About Me

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I am a below knee amputee. More importantly, I am also Mommy to two boys, a very active 10 year old (Robby) and an mischievous toddler (Timmy). I have learned that being a parent with a disability can create some unusual and sometimes humorous situations. This blogger is available for hire! Let's talk and learn how a blog can expand your business.

Friday, March 23, 2012

My New Discovery

Perhaps my favorite part of working these conferences, with the exception of room service, is the ability to see all of the new prosthetic products available. I am constantly amazed at the rapid advances that are being made. While the focus is often on the computerized, sexier prosthetics, some of the most life enhancing products are often unsung and taken for granted.

Yesterday morning I was hurting. The skin on my limb was beginning to chafe, and a small blister on the side had still not healed. I spotted my prosthetist when I entered the exhibition hall, dreading the 8 hours of standing that I was facing. From the way I was feeling, I knew it was going to be a long day!

When he came over I explained the skin breakdown and discomfort. Without missing a beat he reached into his conference bag and handed me a lotion sample and told me to give it a try. The unassuming small white bottle was simply labeled prosthetic skin lotion. Although I was cynical that it would make a difference, I complied and excused myself to apply the lotion.

As soon as the lotion was applied, I knew that it was special. It absorbed quickly, leaving my skin soft and smooth. Donning my liner was easy, and I didn't feel the nagging skin tugging that I was experiencing when rolling on my liner. I stepped into my leg and took a few cautious steps. I never would have imagined that a simple lotion would have such a profound impact. My discomfort was completely gone!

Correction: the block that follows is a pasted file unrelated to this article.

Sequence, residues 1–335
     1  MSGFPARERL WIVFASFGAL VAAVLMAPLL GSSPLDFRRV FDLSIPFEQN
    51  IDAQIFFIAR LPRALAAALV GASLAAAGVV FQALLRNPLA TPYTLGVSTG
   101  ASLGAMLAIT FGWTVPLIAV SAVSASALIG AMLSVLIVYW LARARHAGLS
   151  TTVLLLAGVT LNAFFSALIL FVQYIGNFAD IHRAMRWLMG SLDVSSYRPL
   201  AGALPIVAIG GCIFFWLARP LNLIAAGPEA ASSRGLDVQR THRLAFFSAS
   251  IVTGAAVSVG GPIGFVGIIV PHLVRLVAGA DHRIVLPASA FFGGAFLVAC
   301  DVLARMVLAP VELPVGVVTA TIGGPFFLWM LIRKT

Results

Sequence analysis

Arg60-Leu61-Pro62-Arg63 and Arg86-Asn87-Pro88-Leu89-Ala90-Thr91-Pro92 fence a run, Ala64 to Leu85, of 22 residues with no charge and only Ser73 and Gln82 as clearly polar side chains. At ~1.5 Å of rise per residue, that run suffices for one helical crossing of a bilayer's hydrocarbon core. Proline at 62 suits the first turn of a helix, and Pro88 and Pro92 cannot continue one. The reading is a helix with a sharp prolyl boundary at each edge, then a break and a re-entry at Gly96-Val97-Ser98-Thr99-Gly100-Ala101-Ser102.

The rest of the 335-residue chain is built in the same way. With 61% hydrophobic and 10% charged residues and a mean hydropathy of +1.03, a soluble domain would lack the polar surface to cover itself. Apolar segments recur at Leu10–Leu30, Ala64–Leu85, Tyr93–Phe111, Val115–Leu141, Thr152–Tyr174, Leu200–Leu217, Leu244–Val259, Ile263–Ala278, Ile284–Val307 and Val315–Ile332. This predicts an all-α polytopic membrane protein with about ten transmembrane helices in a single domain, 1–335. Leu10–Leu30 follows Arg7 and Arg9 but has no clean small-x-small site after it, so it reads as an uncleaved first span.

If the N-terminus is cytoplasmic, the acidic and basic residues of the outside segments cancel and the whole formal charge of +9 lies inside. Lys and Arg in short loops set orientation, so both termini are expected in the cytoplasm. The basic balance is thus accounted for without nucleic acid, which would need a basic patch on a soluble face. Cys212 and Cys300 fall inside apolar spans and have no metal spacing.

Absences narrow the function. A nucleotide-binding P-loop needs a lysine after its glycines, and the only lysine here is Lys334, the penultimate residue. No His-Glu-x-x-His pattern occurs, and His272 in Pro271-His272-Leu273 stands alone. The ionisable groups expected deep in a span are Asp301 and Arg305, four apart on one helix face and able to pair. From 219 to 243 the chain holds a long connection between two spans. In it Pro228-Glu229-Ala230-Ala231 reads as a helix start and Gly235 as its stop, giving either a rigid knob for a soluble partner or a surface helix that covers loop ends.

It turns out that my skin has been pulling against my liner. The constant tugging has been causing friction burns that resemble chapping. I don't often endorse a specific product, but I couldn't make this lotion discovery and not share my experience.

After one day I am sold on this product, and plan on having my prosthetist order me more when I get home. If you are having skin breakdown, or feel like you might be tugging within your liner, give Alps Prosthetic Skin Lotion a try. I was shocked that it yielded such profound results for me.

Thursday, March 22, 2012

The Ups.. and Downs

Yesterday morning was busy finishing up the last minute details before my trip. I folded the laundry and laid out three outfits for Robby to wear on the days that I'm gone. Meals were labeled and organized in the refrigerator. I wrote out a dozen little cards and hid them around the house for Robby to discover while I am away. With my boys taken care of, all I had to do was pack.

Mr. Bill drove me to the airport with Robby happily chattering in the backseat of his truck. I thought that there were going to be tears or at least an obligatory lament of "I'm going to miss you." Instead I got a quick, "Have a good trip, Momom" followed by a happy proclamation that "Daddy and I are going to get dinner at Sheetz tonight because that is where a real man goes to eat." So much for the meals I prepared!

With no tears shed, I felt a surge of confidence when I entered the airport. This, I decided, was going to be a fantastic trip. I was open for any opportunity or adventure that lies ahead. I felt a surge of enthusiasm and was becoming excited about working at the conference.

A smooth TSA experience only bolstered my excitement. I went to Auntie Anne's (my favorite airport treat) and learned that it was buy one- get one free pretzel day! Could this trip get any better?

Armed with my free pretzel, I took my seat on the plane. The flight was so smooth that I forgot that I was flying. I became so immersed in my book that the flight time passed quickly.

My bag was actually waiting for me by the time I arrived at baggage claim. There was no line for a taxi. The temperature was warm, and the sun was shining brightly. It felt as if the universe was affirming that this trip was going to be fantastic.

I told the taxi driver my hotel name and settled back for a comfortable ride. I reached for my cell phone and heard squealing brakes and felt a strong lurch. Boom! Perhaps I became too confident. My taxi driver rear-ended the car in front of us.